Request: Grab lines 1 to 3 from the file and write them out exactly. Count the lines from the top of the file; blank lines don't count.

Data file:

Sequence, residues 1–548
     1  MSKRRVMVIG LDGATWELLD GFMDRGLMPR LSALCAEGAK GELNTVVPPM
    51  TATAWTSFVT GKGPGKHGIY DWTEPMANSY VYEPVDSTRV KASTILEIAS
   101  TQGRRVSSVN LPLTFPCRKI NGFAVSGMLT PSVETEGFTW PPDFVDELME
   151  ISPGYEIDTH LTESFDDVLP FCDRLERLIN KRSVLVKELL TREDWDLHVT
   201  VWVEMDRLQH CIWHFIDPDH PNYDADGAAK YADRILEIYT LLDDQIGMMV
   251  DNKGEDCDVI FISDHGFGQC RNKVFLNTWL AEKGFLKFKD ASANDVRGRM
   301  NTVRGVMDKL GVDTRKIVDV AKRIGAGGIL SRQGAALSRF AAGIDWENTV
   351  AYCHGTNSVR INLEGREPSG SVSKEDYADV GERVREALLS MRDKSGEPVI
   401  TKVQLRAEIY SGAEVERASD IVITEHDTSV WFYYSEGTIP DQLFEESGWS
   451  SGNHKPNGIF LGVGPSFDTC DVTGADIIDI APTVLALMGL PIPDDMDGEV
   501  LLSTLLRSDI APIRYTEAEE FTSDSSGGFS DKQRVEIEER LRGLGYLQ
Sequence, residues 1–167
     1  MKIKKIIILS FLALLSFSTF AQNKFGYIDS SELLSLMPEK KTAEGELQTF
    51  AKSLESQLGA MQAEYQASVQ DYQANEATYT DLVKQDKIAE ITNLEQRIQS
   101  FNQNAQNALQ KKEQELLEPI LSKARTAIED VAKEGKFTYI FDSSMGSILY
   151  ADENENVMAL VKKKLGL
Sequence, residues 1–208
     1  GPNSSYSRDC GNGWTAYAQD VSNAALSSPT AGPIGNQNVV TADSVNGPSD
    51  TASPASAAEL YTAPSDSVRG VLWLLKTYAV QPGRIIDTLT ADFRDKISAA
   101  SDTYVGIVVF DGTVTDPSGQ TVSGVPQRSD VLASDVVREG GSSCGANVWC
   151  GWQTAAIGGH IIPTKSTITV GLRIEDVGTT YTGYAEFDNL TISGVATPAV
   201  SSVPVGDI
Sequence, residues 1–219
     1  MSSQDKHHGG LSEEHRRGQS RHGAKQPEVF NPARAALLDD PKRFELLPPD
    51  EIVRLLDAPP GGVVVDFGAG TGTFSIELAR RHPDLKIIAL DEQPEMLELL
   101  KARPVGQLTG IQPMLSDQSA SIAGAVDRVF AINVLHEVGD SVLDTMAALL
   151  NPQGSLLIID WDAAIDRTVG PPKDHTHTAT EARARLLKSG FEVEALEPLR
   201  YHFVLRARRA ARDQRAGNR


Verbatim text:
Sequence, residues 1–548
     1  MSKRRVMVIG LDGATWELLD GFMDRGLMPR LSALCAEGAK GELNTVVPPM
    51  TATAWTSFVT GKGPGKHGIY DWTEPMANSY VYEPVDSTRV KASTILEIAS